Skye woman’s salon business dream in the balance

Emma and Angela MacDonald with Sileas Urquhart at the proposed beauty salon at Stormyhill in Portree.

A Skye woman hoping to realise her dream of opening her own beauty salon has said her long-held wish lies in the hands of Highland Council planners, who have already rejected the proposals once this year.

Angela MacDonald (27) from Portree had hoped that the business, which she plans to run with her younger sister, would have been in full swing by now following her family’s purchase of the former Stormyhill Stores building, near the village centre, just before the first lockdown in 2020.

However, her application, which also seeks to convert the upper floor of the building into permanent accommodation, was refused in March this year by local authority planners.

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Among their reasons they cited a failure to provide any on-site parking and turning space for occupants of the proposed residential unit.

Speaking to the Free Press this week after a second application was submitted to the council, Angela said: “It is quite disheartening because we have spent a lot of money on the building itself and we have taken courses over the lockdown period to gain more beauty qualifications.

“It is annoying that we have the building sitting empty and we can’t do anything with it just now.”

In addition to creating jobs for her and her 16-year-old sister Emma, Angela said the salon would also provide employment for another islander, 18-year-old Sileas Urquhart.

“It is something that is needed in Portree, and you have three young people, who are locals, trying to run a business and be successful,” Angela added. “I don’t understand why anyone would want to stop that. It doesn’t really make any sense to me.

“My sister would possibly move into the building to stay as I have a house with my wee girl who the salon would be named after. I wanted to call it EG Beauty as her name is Evie Grace.”

In its refusal of planning permission on 8th March 2021, the Highland Council’s area planning manager stated: “This (development) would inevitably result in on-street parking in front of the property. Such parking would create a road hazard given the property’s position close at the junctions of Stormy Hill Road with Coolin Drive and York Drive.

“Parked cars outside the building would reduce the visibility from these junctions and general road safety for other road users to an unacceptable degree.”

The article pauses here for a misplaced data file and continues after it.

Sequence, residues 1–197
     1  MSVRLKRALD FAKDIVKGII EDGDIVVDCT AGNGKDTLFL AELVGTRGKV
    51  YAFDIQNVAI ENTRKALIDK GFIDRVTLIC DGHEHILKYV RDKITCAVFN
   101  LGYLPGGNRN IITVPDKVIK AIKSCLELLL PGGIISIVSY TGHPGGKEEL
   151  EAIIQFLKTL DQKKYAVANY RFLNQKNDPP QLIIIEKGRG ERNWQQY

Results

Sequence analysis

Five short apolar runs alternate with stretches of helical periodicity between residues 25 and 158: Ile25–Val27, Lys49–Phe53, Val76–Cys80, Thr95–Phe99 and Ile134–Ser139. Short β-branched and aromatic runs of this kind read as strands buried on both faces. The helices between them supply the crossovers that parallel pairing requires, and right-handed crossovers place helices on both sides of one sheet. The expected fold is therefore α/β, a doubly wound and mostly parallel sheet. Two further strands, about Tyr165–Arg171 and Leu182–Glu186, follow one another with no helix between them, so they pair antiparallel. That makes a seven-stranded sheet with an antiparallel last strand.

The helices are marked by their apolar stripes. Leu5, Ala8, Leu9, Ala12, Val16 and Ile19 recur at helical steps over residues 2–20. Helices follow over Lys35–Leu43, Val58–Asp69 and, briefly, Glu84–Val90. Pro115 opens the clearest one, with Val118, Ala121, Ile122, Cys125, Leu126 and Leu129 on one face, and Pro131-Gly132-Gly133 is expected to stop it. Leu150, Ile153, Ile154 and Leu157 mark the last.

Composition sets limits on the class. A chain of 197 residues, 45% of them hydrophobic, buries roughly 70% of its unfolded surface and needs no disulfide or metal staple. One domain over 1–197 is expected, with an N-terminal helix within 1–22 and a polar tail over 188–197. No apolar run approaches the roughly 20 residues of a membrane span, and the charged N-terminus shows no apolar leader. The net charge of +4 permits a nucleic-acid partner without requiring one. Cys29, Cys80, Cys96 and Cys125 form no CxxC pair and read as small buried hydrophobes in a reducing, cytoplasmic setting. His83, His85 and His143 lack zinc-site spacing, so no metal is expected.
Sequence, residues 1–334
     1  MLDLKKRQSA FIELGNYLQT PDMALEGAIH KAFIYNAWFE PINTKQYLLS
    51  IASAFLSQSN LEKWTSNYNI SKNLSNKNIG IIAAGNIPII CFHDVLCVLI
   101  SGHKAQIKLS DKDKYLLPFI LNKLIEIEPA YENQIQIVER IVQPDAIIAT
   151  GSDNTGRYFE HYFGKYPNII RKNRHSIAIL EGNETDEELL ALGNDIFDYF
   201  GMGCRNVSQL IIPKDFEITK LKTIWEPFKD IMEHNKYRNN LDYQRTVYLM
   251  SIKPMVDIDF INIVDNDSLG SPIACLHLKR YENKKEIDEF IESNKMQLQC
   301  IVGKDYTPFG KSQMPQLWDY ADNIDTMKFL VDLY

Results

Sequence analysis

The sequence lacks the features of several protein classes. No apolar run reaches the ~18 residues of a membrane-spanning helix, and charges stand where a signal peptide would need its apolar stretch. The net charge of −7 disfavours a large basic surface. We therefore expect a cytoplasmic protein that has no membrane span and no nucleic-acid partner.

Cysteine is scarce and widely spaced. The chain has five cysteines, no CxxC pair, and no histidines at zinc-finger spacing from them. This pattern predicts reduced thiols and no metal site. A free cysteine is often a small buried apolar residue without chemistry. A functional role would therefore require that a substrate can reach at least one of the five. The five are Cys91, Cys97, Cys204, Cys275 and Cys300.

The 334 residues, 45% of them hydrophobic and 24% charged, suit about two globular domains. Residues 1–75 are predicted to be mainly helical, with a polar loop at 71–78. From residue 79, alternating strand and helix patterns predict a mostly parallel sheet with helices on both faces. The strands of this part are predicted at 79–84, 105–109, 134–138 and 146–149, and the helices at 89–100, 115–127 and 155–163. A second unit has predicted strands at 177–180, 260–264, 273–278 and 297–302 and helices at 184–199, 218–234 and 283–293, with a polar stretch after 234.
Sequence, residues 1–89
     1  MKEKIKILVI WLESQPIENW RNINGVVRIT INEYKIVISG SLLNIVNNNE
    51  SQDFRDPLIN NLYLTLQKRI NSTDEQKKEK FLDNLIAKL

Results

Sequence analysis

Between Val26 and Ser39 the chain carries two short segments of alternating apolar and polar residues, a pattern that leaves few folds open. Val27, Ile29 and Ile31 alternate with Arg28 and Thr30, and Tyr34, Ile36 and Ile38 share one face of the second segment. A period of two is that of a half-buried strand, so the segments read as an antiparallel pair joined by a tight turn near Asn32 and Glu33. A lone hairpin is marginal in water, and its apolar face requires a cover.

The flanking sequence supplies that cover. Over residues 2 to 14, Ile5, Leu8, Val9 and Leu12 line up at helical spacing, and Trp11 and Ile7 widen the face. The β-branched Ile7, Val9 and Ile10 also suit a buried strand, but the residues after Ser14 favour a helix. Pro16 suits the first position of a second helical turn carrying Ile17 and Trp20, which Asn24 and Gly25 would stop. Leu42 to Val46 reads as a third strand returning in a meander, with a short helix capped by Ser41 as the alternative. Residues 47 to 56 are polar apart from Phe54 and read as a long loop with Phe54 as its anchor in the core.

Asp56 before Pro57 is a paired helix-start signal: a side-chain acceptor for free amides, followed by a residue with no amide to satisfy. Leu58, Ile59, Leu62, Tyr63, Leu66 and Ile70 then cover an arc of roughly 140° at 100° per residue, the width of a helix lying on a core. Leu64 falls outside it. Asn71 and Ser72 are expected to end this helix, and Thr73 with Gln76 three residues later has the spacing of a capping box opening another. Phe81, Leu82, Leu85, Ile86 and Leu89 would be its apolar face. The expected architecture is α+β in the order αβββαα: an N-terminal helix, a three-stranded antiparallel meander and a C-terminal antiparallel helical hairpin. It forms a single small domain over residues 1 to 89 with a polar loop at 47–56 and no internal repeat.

Countering the local authority’s judgement, Angela’s father David MacDonald, who is the applicant for the proposal, told the Free Press: “There is a parking facility there, which the planners would have seen had they decided to have a look.”

“Our intention was and is still to open a beauty salon for my two daughters, Angela and Emma, and to have a flat above it for one of them to live in. In a small way it would also free up accommodation for one house and at least someone would appreciate that.

“It has cost us an absolute fortune so far; thousands of pounds, because although we haven’t opened the business, we are still having to pay council tax, electricity bills and all the rest of it.”

He added: “I have been told that when Harry MacArthur ran the shop there could have been up to 100 people a day going in there, so what is the problem with having a beauty salon there?

“If the plan is rejected this time, we are going to shelve it and use it for Airbnb or something similar.

“That is not a threat, it is a fact. We just can’t keep going like this with all the money we are spending on it.”

Councillor John Gordon said he believed the decision was contrary to the council’s agenda to strengthen village centres and create sustainability.

“Imagine if in Academy Street or Union Street in Inverness a development was refused because of the lack of parking, it would be seen as a bizarre decision,” he said.

“There were no objections, and the plans were in keeping with the building.

“The decision angered me as it did not make sense. Stormyhill Stores has a special place in the lives of Portree residents, and the reality is there would be less footfall and traffic with the new owners’ proposals than when it was a shop.

“There was a real injustice with the outcome.”

Article by Adam Gordon, image by Willie Urquhart.